"One such project to port Linux to another platform is
Linux7k. The platform that has been targeted by '7k is (somewhat
surprisingly) the Psion Series 5 handheld. In fact "7k" refers to
7110, the base motherboard and chip for the Psion device."
"A lot of interest has developed for using a Linux-based Series
5 as a diagnostics tool for routers and other networking hardware.
In this case, a PPP connection, and a telnet or SSH (encrypted
shell) session could provide a solution. A use such as this could
promote Linux7k to more Series 5 users. Another worthy use for
Linux on the Psion is one I came across a while ago. It is possible
to use the GNU editor Emacs as an aid to the blind by using it with
a module allowing a synthetic voice to speak text out of a suitable
sound device. I had a suggestion from one user asking if it was
possible to use such a set-up running on the Series 5. The idea
would be that the user could use a Series 5 with Emacs and the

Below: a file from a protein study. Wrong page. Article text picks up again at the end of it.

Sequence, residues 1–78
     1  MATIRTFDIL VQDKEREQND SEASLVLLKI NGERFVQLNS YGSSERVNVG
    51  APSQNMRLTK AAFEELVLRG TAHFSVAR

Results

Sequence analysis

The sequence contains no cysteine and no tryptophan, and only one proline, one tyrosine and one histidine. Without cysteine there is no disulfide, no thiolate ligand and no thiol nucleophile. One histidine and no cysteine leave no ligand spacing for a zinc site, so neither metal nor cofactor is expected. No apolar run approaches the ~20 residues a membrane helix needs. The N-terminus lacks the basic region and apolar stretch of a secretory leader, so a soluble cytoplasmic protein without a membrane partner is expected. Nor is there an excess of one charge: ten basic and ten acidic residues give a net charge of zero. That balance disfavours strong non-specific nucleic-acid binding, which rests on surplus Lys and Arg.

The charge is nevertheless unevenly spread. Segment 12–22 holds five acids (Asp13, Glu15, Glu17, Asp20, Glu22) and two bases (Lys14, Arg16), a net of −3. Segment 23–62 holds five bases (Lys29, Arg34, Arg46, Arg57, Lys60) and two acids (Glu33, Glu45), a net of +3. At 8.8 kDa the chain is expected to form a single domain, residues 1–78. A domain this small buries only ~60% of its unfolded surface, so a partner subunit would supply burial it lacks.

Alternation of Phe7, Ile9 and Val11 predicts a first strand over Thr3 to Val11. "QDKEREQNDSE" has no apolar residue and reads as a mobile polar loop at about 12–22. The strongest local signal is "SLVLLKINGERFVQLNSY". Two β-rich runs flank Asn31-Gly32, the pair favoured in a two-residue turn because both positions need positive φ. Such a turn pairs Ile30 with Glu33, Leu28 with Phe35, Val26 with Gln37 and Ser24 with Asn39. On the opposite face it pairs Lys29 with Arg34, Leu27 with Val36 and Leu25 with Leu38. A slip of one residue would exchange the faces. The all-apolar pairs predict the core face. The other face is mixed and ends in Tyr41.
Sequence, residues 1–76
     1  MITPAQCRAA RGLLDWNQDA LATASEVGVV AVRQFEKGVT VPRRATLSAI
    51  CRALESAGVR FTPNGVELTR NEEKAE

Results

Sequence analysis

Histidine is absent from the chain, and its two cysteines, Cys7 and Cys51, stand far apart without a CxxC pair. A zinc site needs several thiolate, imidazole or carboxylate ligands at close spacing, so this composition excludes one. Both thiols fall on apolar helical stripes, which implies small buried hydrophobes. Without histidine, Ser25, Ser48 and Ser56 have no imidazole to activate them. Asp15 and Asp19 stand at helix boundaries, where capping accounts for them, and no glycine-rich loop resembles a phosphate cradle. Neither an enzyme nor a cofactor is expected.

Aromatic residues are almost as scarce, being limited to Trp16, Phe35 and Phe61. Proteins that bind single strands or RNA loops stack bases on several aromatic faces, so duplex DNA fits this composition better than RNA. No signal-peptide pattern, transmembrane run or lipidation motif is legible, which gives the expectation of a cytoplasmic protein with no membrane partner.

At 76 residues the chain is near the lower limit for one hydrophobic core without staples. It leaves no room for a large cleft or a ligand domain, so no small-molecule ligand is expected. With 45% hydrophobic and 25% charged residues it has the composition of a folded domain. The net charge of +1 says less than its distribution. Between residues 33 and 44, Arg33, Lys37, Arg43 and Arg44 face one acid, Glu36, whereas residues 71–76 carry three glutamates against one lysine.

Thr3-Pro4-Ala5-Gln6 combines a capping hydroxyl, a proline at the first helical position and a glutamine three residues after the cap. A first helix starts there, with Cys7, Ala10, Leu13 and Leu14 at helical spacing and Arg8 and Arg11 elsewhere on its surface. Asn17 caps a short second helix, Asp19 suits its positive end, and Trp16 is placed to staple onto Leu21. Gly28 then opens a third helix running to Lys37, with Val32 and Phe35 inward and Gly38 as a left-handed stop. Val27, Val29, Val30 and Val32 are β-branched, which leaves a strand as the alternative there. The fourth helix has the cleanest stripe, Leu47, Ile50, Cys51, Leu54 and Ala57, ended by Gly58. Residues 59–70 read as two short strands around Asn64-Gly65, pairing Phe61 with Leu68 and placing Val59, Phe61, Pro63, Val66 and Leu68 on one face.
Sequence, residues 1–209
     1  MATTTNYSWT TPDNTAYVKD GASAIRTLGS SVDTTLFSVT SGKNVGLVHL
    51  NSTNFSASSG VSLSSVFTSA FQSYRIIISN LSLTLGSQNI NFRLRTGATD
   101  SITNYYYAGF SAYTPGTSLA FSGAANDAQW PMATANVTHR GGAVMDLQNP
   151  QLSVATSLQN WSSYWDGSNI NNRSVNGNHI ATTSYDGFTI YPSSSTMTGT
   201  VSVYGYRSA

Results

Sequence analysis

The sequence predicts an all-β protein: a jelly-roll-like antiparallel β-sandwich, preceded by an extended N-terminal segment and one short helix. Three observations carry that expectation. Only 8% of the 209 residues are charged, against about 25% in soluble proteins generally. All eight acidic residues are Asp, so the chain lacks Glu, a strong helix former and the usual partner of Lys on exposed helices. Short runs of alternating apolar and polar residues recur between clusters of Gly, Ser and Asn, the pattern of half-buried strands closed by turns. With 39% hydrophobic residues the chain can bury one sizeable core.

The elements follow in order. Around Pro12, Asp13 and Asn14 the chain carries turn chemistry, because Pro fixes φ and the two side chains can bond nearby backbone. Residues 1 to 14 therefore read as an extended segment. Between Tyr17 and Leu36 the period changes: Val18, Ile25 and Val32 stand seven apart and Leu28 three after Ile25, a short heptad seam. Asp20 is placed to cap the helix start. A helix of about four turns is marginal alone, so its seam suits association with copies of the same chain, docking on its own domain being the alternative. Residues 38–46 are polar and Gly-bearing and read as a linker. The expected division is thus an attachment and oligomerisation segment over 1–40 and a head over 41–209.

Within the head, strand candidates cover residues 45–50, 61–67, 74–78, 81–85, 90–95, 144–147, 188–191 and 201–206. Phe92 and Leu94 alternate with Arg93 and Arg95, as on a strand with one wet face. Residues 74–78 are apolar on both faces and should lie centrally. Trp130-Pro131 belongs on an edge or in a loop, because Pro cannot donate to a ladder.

voice module as a "vocal notepad". At the time it was deemed too
power hungry for a Series 5 to handle. With the progression of
Linux7k to the Series 5mx (providing more memory, and a faster and
FPU enabled processor) it may now be possible to implement this
"Although cross-compilation is perhaps the user-friendliest way
of porting and developing applications for Linux7k (if only for the
full-sized keyboard!) it is still possible to run the development
tools on the Psion itself. Examples of this would be gcc, g++ and
yacc. Rather than just tools that create binaries, there also
exists suitably portable scripting tools such as Perl, Bash and
Csh. As may be expected, the '7k kernel is cross-compiled from an
Intel installation of Linux on a desktop. Early on, a toolkit was
developed to allow compilation of the source into an ARM7110 kernel
binary. Developing on a PC means that the kernel can be compiled
much quicker. This speed difference is important when considering
that the native platform is a handheld."
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